9

When user is mapped with default schema (dbo) and we can select all tables under [dbo] without prefixing the schema.

We can execute stored procedures without prefix if it's under the default schema.

Given that, why do we need to prefix a function with the schema?

Thanks!

12

Then why we can call function without prefix (schema), created under dbo?

From Books Online Document on UDF's

Scalar-valued functions can be invoked where scalar expressions are used. This includes computed columns and CHECK constraint definitions. Scalar-valued functions can also be executed by using the EXECUTE statement. Scalar-valued functions must be invoked by using at least the two-part name of the function.

So this is basically a restriction set by SQL Server development team and I consider it quite correct. Even if it is somehow allowed (just for sake of conversation) I would still use Schema prefix.

I always support using schema name even if it would work without adding it. This is best practice and all "Good" developers use it no matter how much redundant it is.

The other reason what I see is, Database engine needs something to differentiate between system function like getdate () and user defined functions. If you are allowed to call function without schema name how would database engine differentiate between User created function named Getdate or system GETDATE() function.

  • Then why it's different with SPs. As you said it may be to avoid naming collisions. I just created a SP "create procedure sp_help as select getdate()" in my user database and when I execute with or without schema (dbo), SQL Server refers to system SP. Why it does not execute my SP that I have created. – Rajesh Ranjan Jul 6 '16 at 10:51
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    @rajeshRajan Since you have sp_procname(you prefixed your procedure with SP) this forces SQL Server to look first into master database for the compiled plan and since this proc exists in master database will be executed not your, if it was not to find the proc in master then it would have executed yours. You should never create proc with prefix sp_ because it has performance issues. – Shanky Jul 6 '16 at 11:12
  • I think Shanky answered the "why" question directly when he mentioned it was set by the SQL Server development team. You could ask why they did so and why the behavior of functions is inconsistent with procedures, but the answer probably doesn't matter too much. – Michael J Swart Sep 26 '16 at 14:07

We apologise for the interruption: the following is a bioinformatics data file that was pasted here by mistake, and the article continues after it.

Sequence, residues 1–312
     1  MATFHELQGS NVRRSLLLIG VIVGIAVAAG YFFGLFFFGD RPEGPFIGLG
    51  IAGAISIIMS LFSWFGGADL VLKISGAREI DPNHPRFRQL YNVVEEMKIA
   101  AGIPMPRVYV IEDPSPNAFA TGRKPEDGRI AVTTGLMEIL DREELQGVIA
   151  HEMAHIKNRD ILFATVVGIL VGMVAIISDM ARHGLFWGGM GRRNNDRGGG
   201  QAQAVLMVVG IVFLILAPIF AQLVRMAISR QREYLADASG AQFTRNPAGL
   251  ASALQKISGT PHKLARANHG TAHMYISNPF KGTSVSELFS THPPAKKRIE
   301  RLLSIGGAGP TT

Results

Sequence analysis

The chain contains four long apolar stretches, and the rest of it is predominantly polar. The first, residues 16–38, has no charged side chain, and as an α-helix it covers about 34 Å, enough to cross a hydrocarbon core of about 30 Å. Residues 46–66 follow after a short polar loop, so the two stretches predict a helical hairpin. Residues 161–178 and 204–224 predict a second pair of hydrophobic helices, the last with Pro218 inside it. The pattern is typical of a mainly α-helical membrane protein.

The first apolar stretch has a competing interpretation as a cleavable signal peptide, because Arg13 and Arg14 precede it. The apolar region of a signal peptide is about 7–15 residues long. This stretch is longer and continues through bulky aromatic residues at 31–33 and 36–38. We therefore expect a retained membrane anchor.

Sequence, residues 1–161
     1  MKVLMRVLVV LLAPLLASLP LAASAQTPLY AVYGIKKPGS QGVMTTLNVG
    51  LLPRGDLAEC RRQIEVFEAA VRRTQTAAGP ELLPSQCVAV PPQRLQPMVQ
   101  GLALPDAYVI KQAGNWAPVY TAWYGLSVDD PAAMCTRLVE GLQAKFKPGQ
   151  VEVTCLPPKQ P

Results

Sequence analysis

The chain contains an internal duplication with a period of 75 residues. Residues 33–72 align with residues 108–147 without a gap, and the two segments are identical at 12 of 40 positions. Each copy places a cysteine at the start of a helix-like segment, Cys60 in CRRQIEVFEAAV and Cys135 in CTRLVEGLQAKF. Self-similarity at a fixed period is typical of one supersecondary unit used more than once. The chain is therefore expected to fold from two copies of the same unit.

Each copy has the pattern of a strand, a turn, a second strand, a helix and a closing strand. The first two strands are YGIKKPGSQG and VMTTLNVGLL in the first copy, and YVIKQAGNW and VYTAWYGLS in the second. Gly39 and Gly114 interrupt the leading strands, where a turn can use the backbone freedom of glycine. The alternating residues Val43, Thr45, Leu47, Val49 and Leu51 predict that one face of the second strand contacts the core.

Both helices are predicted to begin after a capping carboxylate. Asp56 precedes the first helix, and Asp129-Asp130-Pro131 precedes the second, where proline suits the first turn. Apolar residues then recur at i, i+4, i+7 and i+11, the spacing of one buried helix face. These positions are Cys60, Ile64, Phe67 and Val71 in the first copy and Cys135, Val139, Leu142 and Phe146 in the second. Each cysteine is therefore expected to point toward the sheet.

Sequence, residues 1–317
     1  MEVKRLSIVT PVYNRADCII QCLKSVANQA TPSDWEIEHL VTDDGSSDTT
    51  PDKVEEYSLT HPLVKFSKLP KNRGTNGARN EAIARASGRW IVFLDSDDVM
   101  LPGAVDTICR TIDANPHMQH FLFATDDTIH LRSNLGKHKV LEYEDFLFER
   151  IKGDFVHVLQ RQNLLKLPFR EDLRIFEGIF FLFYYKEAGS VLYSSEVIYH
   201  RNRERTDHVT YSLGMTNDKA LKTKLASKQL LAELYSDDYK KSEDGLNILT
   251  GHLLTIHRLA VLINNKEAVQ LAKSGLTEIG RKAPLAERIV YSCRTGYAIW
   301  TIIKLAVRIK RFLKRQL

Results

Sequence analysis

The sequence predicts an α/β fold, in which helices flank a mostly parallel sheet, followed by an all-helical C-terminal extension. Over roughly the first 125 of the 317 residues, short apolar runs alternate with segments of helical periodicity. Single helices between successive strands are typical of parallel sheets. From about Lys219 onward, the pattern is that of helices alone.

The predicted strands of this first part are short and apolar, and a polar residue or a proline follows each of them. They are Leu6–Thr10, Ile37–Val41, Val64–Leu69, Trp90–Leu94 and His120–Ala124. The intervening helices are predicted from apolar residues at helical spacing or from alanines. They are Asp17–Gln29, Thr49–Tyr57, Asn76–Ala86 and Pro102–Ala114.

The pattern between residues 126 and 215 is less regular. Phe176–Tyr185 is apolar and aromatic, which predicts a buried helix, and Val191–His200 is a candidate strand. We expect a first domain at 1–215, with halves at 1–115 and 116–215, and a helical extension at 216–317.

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    BTW, the performance impact of procedures that start with "sp_" can't be measured. It hasn't been an issue for years. The sp prefix still might not be a good idea, but performance isn't the reason. – Michael J Swart Sep 26 '16 at 14:09
9

The other answer explains that this is a restriction but not the reason why.

The requirement is not always true. Scalar UDFs can be EXEC-ed and still use implicit resolution (example)

I imagine this is to avoid naming collisions.

If functions were allowed to be referenced without schema then someone that created their own function that happened to be called crypt_gen_random in 2000 or 2005 would encounter problems upgrading to a later version as this became the name of a built in function in 2008.

There is no ambiguity with the exec usage as built in functions can't be called like that.

  • Then why it's different with SPs. As you said it may be to avoid naming collisions. I just created a SP "create procedure sp_help as select getdate()" in my user database and when I execute with or without schema (dbo), SQL Server refers to system SP. Why it does not execute my SP that I have created. – Rajesh Ranjan Jul 6 '16 at 10:48
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    @Rajesh. Objects beginning sp_ are special cased to always look in the master/resource database. And it is documented that this prefix should be avoided. There is no such convention for built in functions. – Martin Smith Jul 6 '16 at 11:06

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